Saturday the 27th of April saw The NIHR Cancer and Nutrition Infrastructure Collaboration https://cancerandnutrition.nihr.ac.uk/ organise a satellite meeting to the European Congress on Obesity to explore research on obesity and cancer occurrence and recurrence with a focus on intervention trials. The meeting was hosted by The Centre for Research into Cancer Prevention and Screening (CRIPS), supported by the World Cancer Research Fund, Association for the Study of Obesity Scotland Network and the Scottish Cancer Prevention Network, chaired by Prof Bob Steele and Prof Elio Riboli and aided by Professor Andrew Renehan.
The aim of the meeting was to discuss the three aspects of lifestyle that need to be considered: diet, physical activity and weight management. Each of these aspects can be explored within human weight loss trials – at least in theory.
The following points were considered:
• Can these three lifestyle behaviours be explored in practice?
• Can people living normal everyday lives really change behaviour to meet study protocols?
• Can we learn from diabetes prevention trials?
• How important is trial level evidence for the public, patients and clinicians?
• What are the convincing end points for cancer occurrence and reoccurrence and do they take decades and billions of pounds to discover?
Representatives of the Cancer and Nutrition NIHR infrastructure collaboration gave presentations on key issues to consider. The themes covered experimental work, patient and public views, prevention, survivorship and tools for measuring the impact of the research being undertaken. The talks centered on nutrition in a cancer context and focused on cancer prevention, public health screening (epidemiology), and cancer survivorship. They also included two components combining nutrition with physical activity. The presentations gave a snapshot of where we are now and the issues that need to be considered to move forward. Delegates were invited to share their thoughts and ideas on answering these important questions during the discussion sections.
The morning sessions included:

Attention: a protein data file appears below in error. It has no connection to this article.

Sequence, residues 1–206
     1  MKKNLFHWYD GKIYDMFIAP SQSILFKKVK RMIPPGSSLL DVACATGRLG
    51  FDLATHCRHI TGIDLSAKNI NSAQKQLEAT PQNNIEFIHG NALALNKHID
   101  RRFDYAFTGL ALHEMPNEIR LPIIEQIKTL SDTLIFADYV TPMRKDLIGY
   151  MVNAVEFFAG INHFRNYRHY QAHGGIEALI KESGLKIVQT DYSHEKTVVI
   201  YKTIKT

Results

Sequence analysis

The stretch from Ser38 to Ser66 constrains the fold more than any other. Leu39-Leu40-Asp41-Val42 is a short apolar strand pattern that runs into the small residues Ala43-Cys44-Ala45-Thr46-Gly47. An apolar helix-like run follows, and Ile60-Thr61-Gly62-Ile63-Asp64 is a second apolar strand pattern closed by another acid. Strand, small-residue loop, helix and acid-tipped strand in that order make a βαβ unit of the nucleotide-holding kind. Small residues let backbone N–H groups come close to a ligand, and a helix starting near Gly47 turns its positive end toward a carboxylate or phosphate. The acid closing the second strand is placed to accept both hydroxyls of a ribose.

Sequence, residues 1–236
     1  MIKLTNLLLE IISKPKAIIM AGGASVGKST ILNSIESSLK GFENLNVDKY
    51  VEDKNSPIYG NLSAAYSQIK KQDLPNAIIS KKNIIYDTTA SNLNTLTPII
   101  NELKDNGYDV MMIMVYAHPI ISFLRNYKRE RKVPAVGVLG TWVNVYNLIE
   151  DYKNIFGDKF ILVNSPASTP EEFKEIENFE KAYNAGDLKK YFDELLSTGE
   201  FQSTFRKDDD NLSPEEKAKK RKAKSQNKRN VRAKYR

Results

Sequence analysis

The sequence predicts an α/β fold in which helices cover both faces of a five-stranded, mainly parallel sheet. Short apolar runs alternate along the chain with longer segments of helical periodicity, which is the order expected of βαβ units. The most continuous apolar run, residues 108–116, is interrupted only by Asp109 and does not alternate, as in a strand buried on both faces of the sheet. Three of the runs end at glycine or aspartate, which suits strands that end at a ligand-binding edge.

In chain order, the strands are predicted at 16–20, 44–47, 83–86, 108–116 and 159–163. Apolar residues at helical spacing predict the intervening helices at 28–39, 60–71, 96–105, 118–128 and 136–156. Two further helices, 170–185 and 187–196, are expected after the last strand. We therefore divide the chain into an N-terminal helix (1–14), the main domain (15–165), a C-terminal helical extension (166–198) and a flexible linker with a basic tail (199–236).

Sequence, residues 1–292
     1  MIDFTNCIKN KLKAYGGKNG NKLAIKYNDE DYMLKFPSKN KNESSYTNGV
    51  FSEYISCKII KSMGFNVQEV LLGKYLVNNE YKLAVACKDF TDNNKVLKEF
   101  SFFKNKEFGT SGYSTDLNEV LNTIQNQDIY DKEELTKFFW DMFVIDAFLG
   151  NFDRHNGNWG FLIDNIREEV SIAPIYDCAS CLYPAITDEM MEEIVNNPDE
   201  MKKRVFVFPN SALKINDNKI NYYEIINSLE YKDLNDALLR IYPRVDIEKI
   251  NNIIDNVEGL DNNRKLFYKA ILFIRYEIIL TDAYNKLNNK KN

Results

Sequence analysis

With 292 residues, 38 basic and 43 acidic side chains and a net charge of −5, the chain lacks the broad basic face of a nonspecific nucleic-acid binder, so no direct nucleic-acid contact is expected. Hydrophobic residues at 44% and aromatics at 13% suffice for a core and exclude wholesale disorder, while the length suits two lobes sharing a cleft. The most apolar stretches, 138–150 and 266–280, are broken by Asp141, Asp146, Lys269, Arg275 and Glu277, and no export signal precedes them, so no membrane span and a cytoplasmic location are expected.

• Prof Richard Martin who provided a clear account of how evidence from Mendelian Randomisation compliments and expands understanding of these issues.
• Prof Annie Anderson focussed on what is known about intentional weight loss and cancer risk reduction. However, without trial data the current indicative, observational evidence associated with cancer risk reduction and decreased body weight is not enough to influence current practice guidelines.
• Prof Falko Sniehotta who reflected on weight loss in intervention trials drawing on his work in the DIRECT trial for the reversal of diabetes. One of his key points was understanding participant perspectives for motivation, satisfaction with outcomes, confidence, acceptability and support for weight maintenance.
• Prof Shaun Treweek provided an account of key issues in the design and implementation of high quality trials.
The afternoon session focussed on weight loss in people diagnosed with cancer:
• Prof Jennifer Ligibel from the Dana Farber Institute presented an overview of her weight loss trial in stage 2/3 HER 2 negative breast cancer in women with BMI >27 kg/m2 (BWEL).
• Prof John Saxton provided an excellent review of pragmatic diet and activity interventions in cancer survivors, drawing on published literature but also considerable experience and guidance for future work.
• Dr Amanda Cross covered relevant outcomes – a superb review covering biomarkers in quality of life.
• Dr Chloe Grimmet encouraged us to consider some of the more challenging issues that need to be addressed in testing the effectiveness of achievable interventions.
Presentation slides from the Satellite Meeting are available to view here: